Saturday, February 11, 2012

Negotiation Nonverbal Communication Secret # 1021:
Jeremy Lin's Fiero

Jeremy Lin's 38 point effort against the Lakers was more than enough to propel the Knicks to a win last night (92-85 in NY). Lin even outperformed Kobe Bryant. The point guard seems to have come out of nowhere.... er, ah, I mean ..... Harvard. In his first three starts in the NBA, Lin has scored 89 points. A Harvard grad? Who received no scholarship offers out of high school? Not drafted out of college? Yes, I'd say he has reason to celebrate. Lin is expressing "Fiero" in this image from yesterday's game. 

Fiero is a term coined by Italian Psychologist Isabella Poggi. It describes an emotional state experienced when an extreme obstacle is overcome - whether it is physical, job-related, intellectual, relationship-related, etc. - regardless of the origin of the problem. Unfortunately, there is a relative lack of positive emotional states/adjectives in English when compared with other languages. Thank you Isabella.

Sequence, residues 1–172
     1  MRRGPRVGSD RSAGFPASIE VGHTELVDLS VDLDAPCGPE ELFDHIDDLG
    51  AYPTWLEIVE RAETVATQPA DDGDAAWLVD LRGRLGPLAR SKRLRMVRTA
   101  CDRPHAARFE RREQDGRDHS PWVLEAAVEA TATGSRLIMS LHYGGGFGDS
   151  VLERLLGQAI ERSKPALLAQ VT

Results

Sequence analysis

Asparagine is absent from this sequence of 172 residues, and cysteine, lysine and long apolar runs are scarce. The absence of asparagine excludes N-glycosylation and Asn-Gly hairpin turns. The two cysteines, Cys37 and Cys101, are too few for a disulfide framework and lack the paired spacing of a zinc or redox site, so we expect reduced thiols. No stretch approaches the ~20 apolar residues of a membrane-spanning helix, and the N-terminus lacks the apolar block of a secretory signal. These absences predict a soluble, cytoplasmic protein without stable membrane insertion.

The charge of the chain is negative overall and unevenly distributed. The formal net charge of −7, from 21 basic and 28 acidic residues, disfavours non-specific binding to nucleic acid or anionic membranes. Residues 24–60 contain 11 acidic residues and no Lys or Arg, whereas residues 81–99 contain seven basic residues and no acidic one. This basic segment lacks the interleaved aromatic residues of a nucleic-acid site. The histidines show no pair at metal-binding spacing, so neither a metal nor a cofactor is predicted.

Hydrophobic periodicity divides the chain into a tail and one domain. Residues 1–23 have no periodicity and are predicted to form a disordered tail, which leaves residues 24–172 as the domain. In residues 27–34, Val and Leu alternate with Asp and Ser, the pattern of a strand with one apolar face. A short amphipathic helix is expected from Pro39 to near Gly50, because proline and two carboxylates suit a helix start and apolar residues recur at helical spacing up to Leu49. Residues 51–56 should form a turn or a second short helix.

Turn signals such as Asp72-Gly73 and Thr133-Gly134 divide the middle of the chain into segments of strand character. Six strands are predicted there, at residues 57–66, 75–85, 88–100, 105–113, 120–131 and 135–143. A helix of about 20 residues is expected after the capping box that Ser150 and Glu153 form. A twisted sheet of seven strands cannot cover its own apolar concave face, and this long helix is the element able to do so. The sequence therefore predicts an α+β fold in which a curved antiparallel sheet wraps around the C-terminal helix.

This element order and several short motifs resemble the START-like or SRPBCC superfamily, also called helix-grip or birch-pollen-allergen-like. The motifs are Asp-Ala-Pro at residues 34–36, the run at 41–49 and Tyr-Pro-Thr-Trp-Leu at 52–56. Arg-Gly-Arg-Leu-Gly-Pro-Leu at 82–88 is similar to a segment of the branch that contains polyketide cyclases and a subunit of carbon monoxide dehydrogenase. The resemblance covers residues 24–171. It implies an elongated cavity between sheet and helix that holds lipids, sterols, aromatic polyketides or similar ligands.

It is intriguing how the body language for fiero, is similar - but not identical to that of anger - as well as extreme physical pain. Dramatic arm motion, yelling, a mouth appearance similar to a pain expression, closed eyelids - are all consistent with Fiero. A few seconds-minutes after fiero, the emotion is replaced by classic nonverbal displays of joy-happiness (see below for a sincere smile displayed a few seconds later).

The Knicks play the Minnesota Timberwolves tonight.

Fiero Jeremy. Fiero.